Germany was stunned. How was it possible to borrow or beg the knowledge which lay behind the accomplishments of this great exhibition? England was unwilling, and understandably so, to share those vast amounts of information which she had accumulated. Willing or not, there was really no immediate information available. There were only skills, developed over long periods of time. Generalized knowledge, such as one finds produced in the great universities, was limited. Of the research laboratories, there were none.

How, then, was Germany to catch up? The only really intelligent course of action was to invest heavily in basic research, ideas, and experiments. This she did. The ensuing competition between Germany and England in the latter part of the nineteenth century parallels similar competition between Russia and the United States during the middle part of the twentieth century, when the United States launched extensive educational programs and basic research to maintain preeminence in scientific fields against the advancing Russian space technology.

German Education.

More than any other country, Germany has supported public education. This provided, naturally, a receptive climate for the development of graduate education and research activity. In the nineteenth century, energetic and attractive educational programs in the basic sciences -- physics, chemistry, physiology, and mathematics-- were expanded. Germany had long supported a compulsory educational program before it was ever introduced in England.

The encouragement for advanced graduate training came from the fact that there were a large number of universities in Germany established in the papal or city states between the fifteenth and eighteenth centuries. In 1876 there were more than a dozen universities numbering hundreds of students. See a contemporary map of Germany The universities at Berlin and Leibzig combined, had over 6,000 students and 1,350 teachers. Since numerous schools were located on limited amounts of land, the small distances among these schools facilitated the exchange of both students and faculty, to the mutual advantage of both. Transfer from one school to the next was relatively easy and German students could study with eminent scholars of similar interests. The large number of German schools provided active competition and a healthy climate for scientific programs. Local funds and national pride supported the burgeoning academic programs which brough

t world recognition to a few schools in particular and to most of German higher education in general.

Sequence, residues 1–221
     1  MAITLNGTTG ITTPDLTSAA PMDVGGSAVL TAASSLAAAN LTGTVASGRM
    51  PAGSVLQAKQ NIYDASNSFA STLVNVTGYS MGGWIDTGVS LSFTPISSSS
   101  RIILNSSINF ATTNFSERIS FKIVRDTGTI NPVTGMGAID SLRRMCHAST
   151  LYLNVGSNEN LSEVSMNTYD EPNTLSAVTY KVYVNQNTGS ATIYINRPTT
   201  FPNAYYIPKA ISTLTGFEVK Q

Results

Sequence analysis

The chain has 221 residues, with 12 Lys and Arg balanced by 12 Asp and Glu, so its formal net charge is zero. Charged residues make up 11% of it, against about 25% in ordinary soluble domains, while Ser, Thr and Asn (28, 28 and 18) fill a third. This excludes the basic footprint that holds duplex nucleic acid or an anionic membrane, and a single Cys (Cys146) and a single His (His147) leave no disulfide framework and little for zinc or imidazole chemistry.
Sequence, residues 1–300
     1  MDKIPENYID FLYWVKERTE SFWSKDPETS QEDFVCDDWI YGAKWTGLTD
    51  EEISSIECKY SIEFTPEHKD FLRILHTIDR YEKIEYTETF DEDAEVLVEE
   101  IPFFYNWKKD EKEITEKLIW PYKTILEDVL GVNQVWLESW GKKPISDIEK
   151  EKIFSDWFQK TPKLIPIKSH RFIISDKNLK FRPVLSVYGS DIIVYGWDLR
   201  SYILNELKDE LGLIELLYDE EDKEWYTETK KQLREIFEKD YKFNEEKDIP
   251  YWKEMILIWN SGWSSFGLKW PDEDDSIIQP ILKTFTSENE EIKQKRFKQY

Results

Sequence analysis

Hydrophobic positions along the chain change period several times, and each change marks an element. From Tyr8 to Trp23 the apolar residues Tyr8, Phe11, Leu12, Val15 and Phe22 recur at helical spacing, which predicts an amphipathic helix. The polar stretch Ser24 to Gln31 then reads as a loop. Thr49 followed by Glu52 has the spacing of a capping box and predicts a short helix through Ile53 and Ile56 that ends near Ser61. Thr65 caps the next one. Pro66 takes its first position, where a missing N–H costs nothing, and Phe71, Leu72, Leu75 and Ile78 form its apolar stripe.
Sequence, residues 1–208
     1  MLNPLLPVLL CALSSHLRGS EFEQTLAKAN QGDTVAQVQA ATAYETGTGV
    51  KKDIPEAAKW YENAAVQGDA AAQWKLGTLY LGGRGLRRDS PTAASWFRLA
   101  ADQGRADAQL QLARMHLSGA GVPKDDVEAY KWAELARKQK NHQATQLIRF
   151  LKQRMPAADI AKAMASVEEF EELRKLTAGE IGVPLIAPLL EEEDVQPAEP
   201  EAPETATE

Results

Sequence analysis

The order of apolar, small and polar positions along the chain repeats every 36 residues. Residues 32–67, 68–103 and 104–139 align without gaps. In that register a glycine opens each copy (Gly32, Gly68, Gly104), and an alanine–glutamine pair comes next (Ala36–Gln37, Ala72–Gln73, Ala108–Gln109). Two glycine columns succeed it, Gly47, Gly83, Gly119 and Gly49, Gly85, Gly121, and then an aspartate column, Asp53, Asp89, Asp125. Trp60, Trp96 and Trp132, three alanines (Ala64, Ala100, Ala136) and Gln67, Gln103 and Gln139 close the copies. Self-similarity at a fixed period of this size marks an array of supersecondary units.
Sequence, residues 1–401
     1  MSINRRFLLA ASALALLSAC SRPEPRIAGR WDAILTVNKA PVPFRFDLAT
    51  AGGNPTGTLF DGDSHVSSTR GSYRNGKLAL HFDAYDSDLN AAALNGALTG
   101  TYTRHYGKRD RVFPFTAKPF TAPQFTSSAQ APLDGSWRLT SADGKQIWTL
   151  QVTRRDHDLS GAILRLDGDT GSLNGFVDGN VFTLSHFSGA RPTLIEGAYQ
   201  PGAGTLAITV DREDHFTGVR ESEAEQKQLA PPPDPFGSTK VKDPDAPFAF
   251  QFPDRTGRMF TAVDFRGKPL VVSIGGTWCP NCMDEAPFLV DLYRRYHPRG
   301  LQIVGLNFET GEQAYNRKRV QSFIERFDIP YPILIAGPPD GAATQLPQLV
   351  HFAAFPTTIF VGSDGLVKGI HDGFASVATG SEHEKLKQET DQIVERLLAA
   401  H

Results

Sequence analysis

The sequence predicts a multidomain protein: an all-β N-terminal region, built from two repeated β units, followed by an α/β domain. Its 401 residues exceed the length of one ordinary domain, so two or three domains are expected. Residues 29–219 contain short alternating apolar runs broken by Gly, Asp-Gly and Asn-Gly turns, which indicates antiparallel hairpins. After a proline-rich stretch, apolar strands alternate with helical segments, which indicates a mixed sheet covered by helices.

England introduced compulsory education somewhat later than Germany. Her public schools and colleges were fewer in number and catered to the elite. In fact, there were only two colleges of any note -- Oxford and Cambridge -- and science was not introduced into the former until a relatively recent date. Because of the long tradition of each school and the strong ties of loyalty which they possessed, there was little movement among the schools, and the curriculum tended to remain static.

In the German schools, large research laboratories were attached to the graduate schools and directed by eminent faculty members. Graduate students assisted. In addition to research activities, graduate assistants prepared laboratory demonstrations for the undergraduate lectures. Here, then, was a melding of a dual educational program. Undergraduate students listened to large lectures and observed practical demonstrations of the professor's ideas prepared by graduate students. A more practical example of academic participation and educational sharing cannot be found. Fifty years later, American psychologists provided empirical support to what Germany was practicing-- namely, that one learns best by activity and participation.

Although all of this educational activity did not make German education supreme, it did attract attention and scholars flocked from around the world to study with the European greats at the university centers along the Rhine, the Necker, and the Main. German scientists turned the laboratories and the lecture halls into showplaces. The demonstration lecture sometimes became an end in itself. Liebig, the founder of organic chemistry (or at least founder of the first chemistry laboratory), placed over his laboratory door in Liessen a sign which read, "God has ordained all things by measure, number, and weight." Another laboratory, built at Berlin, was called the "temple of physics And at Leipzig, the lecture hall was called the "physiological theatre." These terms are not totally inappropriate; laboratory does mean, after all, "sanctuary."

In many German universities the lectures were informative, colorful, and dramatic events. the adjacent laboratories to the lecture hall contained elaborate contrivances and gadgets where assistants spent long hours preparing visual aids. Sometimes the professor would need to be prompted in his demonstration by one of the assistants. The intricacies of the procedures must have been something to behold. Large wall charts could be dispensed from every conceivable angle and displayed gigantic drawings of intricate detail. There one might find immense models of the eyes and ears; there also were lenses, mirrors, and various brass instruments on the lecture table. Animals of every description, used to demonstrate some physiological principle like the circulation of blood from the heart through the arteries, were wheeled into the lecture room and prepared in front of the students. At one point, a horse, brought into the classroom, was sacrificed there on the spot in order to demonstrate the functioning of heart action!